CONTROVERSIAL plans to break up and sell off public woodlands such as Abbot’s Wood in Hailsham have been scrapped in a Government u-turn.
But campaigners have urged the public to keep the pressure on, as the Hailsham woodland could still be under threat, as the Government still wants to sell off 15 per cent of the public forest estate between now and 2014.
“The Government has been telling the Forestry Commission to sell off parts of its estate for many years so there has been a slow and continual erosion, not just limited to the current government,” said Dr Tony Whitbread, Chief Executive of the Sussex Wildlife Trust.
“Therefore, although the consultation has been cancelled, the Forestry Commission is still being eroded.
“They are still suffering cuts and are still likely to lose 25 per cent of their staff.
“So some of the problems have not gone away and it could well be that places like Abbot’s Wood will be back on the list for sale at some time in the future,” he added.
In January, the Government launched a 12-week consultation on the future of England’s Public Forest Estate.
Under the proposals, 85 per cent of forests- owned and managed by the state could be transferred to other parties, while commercially valuable forests including Abbot’s Wood, which is owned by the Forestry Commission, could be leased to commercial operators.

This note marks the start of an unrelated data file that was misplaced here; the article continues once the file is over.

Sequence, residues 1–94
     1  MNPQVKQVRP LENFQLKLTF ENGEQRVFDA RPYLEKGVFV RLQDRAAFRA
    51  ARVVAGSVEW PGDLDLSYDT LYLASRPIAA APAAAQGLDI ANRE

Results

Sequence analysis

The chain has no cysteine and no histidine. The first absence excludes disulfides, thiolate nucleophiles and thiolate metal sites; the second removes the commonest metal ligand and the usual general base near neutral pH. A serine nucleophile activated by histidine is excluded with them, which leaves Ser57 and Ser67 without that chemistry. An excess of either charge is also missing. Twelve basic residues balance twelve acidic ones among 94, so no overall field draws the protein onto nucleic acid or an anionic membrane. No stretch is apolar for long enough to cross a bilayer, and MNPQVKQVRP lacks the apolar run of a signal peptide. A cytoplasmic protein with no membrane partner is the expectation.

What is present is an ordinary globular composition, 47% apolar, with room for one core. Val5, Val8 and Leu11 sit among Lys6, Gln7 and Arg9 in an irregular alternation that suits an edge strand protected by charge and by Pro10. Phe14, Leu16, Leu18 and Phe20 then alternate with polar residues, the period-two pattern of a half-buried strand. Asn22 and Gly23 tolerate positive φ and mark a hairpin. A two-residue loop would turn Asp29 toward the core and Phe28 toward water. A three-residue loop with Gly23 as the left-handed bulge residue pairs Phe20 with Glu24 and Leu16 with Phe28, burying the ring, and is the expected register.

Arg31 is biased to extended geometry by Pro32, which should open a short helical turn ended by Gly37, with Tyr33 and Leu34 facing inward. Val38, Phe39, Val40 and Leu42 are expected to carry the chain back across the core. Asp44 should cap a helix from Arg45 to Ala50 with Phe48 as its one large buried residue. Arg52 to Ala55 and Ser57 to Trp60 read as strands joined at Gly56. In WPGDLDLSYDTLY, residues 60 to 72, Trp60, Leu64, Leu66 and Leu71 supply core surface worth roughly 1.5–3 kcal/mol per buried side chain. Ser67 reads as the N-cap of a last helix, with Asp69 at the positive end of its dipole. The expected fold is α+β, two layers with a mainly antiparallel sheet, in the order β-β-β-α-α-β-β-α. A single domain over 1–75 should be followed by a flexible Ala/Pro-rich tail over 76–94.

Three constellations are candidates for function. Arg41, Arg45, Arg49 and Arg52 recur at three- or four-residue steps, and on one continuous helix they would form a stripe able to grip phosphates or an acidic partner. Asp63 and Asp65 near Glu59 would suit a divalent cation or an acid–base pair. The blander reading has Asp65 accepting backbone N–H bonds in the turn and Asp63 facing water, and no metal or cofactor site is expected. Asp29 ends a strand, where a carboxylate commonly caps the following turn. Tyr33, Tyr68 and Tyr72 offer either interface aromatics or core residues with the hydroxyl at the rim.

But after fierce public opposition, on February 17, Environment Secretary Caroline Spelman called off the consultation and removed all forestry clauses in the Public Bodies Bill, which would have given the government the power to sell all the public forests.
Speaking in the House of Commons, she said,“I am sorry, we got this one wrong.”
Mrs Spelman also announced that an independent panel of experts will examine forestry policy in England and report back to her in the autumn.
Dr Whitbread welcomed the move and said in practice the Government may well lose money from selling off woodlands because when a wood is sold the new owner is eligible for a range of grants that were not available to the Forestry Commission.
“I think the independent panel is the right way to go. I will be interested to see how it develops,” he said.